Despite Delay, No Time to Lose


On March 9, 2020, HHS announced two “transformative rules” – one from the ONC and the other from CMS –  “that will give patients unprecedented safe, secure access to their health data”

In his blog post Part 1 – Payer Impact (published March 15 as part of a 4-part series on CMS/ONC interoperability regulations), John D’Amore counseled that “the most pressing things for health plans to be aware of are the near-term deadlines. Some expected these deadlines to be a few years out, but the final rule had a big surprise. Payer compliance begins January 1, 2021.” Specifically, that deadline was for establishment of the Patient Access API and Provider Directory API for Medicare Advantage (MA), Medicaid, and the Children’s Health Insurance Program; and for the Patient Access API for Qualified Health Plan issuers on federally-facilitated exchanges.

Now, in late April, CMS has just announced that because of the COVID-19 public health emergency it would exercise their “enforcement discretion” and effectively push out the deadline to July 1, 2021. But another key provision for health plans, the Payer-to-Payer Data Exchange slated for January 1, 2022, has not changed.

So, what is a health plan to do?

We recommend that payers continue full speed ahead, from two perspectives.

It’s about time. The regulations fulfill HHS’s mandate to ensure that patients and providers have complete health information no matter when or where it’s needed, as expressed in the bipartisan 21st Century Cures Act of 2016. Fast forward four years, in the midst of a pandemic, and it’s clear that the electronic health data sharing requirements demanded by Congress and defined by HHS are critical.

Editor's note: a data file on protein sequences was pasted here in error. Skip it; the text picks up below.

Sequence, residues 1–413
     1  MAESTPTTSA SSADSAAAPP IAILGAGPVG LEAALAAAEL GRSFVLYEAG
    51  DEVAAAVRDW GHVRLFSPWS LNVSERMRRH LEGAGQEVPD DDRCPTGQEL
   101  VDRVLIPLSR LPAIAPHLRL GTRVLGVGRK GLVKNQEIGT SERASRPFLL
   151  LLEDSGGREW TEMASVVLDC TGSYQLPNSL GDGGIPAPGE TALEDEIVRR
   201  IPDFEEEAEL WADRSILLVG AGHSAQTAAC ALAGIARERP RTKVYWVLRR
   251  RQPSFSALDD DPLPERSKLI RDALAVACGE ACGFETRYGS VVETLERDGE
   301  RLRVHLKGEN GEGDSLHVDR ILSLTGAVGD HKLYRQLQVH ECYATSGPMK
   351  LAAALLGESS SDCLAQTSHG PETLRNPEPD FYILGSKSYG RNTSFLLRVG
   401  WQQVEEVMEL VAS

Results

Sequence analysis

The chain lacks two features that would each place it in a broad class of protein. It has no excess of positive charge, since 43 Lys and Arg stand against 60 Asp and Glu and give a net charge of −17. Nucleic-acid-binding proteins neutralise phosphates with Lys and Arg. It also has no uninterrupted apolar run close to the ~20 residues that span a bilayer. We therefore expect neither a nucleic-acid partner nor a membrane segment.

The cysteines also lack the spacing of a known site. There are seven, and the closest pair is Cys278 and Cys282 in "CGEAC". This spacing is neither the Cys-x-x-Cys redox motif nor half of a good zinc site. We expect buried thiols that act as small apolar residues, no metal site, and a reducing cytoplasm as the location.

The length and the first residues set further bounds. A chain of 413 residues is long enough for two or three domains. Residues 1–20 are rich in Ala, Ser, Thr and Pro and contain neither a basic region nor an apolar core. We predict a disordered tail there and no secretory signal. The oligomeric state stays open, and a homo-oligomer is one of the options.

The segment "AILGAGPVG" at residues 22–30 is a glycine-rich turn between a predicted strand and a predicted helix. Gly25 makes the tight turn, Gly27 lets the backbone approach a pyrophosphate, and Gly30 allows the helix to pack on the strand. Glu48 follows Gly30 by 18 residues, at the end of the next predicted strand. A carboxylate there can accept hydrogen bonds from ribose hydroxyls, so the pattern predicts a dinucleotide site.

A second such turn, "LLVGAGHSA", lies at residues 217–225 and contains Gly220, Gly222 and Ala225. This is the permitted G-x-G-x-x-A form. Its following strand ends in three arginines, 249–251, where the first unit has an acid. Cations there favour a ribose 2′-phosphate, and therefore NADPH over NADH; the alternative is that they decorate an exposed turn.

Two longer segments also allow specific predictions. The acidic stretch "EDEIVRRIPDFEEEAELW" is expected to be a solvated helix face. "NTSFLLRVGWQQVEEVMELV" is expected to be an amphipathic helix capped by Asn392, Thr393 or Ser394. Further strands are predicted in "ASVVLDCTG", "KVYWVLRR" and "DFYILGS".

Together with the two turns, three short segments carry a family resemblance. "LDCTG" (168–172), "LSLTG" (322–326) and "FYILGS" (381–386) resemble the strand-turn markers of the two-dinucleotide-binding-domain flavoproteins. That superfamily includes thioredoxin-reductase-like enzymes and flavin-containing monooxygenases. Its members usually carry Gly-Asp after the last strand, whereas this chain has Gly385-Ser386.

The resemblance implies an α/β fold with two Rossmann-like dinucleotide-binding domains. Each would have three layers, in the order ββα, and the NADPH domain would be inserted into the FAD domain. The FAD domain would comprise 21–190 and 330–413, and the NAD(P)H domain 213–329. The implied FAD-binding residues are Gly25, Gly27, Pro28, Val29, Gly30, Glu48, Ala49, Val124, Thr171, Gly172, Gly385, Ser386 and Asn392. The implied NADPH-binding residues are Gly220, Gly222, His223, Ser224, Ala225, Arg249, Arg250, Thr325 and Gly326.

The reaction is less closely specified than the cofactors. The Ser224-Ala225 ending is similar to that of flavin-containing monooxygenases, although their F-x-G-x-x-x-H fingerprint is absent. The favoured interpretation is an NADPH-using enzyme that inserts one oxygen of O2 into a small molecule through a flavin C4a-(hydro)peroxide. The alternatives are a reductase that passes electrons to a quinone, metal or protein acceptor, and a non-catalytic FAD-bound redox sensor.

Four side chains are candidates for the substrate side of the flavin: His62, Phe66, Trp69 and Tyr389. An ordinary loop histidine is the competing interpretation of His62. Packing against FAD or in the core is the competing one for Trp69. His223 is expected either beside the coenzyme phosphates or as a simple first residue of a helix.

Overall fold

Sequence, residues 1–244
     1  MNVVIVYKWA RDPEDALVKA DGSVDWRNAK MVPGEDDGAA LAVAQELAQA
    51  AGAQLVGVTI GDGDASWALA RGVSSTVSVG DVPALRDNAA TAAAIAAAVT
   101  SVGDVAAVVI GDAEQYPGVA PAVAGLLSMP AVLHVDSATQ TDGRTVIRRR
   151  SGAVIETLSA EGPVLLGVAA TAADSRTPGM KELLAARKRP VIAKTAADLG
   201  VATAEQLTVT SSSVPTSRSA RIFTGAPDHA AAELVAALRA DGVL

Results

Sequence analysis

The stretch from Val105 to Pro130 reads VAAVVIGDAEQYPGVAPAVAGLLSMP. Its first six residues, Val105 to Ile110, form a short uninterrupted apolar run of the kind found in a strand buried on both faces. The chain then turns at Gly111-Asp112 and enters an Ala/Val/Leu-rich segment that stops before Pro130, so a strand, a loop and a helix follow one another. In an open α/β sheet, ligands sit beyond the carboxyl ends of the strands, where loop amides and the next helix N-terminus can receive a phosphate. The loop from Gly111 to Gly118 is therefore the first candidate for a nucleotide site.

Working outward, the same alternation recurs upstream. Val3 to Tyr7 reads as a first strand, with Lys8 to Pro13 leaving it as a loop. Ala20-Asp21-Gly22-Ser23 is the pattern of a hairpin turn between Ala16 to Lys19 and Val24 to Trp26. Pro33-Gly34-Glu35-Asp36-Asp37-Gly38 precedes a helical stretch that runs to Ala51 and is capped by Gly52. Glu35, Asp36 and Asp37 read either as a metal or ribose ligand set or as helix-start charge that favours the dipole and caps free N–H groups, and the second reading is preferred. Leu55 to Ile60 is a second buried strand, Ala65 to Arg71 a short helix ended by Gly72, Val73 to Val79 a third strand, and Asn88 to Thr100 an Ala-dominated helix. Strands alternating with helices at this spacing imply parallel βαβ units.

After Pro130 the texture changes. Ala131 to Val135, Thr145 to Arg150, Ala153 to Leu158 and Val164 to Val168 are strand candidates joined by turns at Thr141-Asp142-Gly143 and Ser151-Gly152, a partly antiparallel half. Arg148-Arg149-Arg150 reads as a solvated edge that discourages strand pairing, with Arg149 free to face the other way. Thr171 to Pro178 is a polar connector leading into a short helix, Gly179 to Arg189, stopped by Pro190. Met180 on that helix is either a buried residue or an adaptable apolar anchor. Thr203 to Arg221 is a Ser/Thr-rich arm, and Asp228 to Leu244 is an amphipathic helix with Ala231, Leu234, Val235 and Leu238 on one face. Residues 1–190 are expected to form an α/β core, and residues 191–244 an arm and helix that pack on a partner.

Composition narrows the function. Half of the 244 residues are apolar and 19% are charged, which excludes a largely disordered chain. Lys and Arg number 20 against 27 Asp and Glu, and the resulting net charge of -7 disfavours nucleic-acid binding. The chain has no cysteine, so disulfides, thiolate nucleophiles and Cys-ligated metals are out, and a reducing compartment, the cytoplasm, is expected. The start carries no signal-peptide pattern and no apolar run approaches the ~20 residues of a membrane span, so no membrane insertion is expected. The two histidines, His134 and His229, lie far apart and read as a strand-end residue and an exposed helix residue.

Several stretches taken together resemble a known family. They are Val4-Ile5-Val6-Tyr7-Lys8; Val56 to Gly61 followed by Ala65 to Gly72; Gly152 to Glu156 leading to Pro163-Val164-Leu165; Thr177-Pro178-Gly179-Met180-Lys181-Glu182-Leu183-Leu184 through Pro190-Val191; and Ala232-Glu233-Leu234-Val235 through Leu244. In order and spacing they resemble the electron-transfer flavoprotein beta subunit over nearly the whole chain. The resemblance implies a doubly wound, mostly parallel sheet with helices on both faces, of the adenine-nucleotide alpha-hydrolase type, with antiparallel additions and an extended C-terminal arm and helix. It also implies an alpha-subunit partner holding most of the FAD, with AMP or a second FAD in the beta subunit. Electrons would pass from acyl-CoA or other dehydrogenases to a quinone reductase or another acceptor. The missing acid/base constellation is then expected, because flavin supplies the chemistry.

As stewards of member health, health plans should be in the vanguard of providing consumer-friendly, portable health data.

It’s also about time. That is, there’s no time to waste.

The CMS rule holds payers accountable for sharing “claims and other health information with patients in a safe, secure, understandable, user-friendly electronic format through the Patient Access API.” This is required for clinical information maintained by the payer with a date of service on or after January 1, 2016. To review the details:

  • Access must be provided via the new standard for data exchange, Fast Healthcare Interoperability Resources (FHIR) Release 4. In lay person’s terms, this means that members must be able to access their health data from mobile-based apps of their choice.
  • Mechanisms for authentication and access will follow industry standards such as OAuth2 and OpenID Connect Core.
  • Information must be made available the next business dayafter being processed by a health plan.
  • As detailed in our previous blog post, health plans will need to make specific types of information available: claims, encounters, remittances, cost-sharing and clinical data.
  • Clinical data must use the US Core Data for Interoperability (USCDI), which contains standardized health data classes and data elements.

Although systems for administrative data are well established, many health plans are still behind the eight ball when it comes to managing clinical data. If you are behind now when clinical data is considered supplemental and claim data is king, you will be hard pressed to comply with the Patient Access API rule. From a practical perspective, the sooner you begin this IT project, the better.

In order to meet both the spirit and the letter of the law, there’s no time for delay.

“Delivering interoperability actually gives patients the ability to manage their healthcare the same way they manage their finances, travel and every other component of their lives. This requires using modern computing standards and APIs that give patients access to their health information and give them the ability to use the tools they want to shop for and coordinate their own care on their smartphones.”

Don Rucker, M.D., national coordinator for health information technology.

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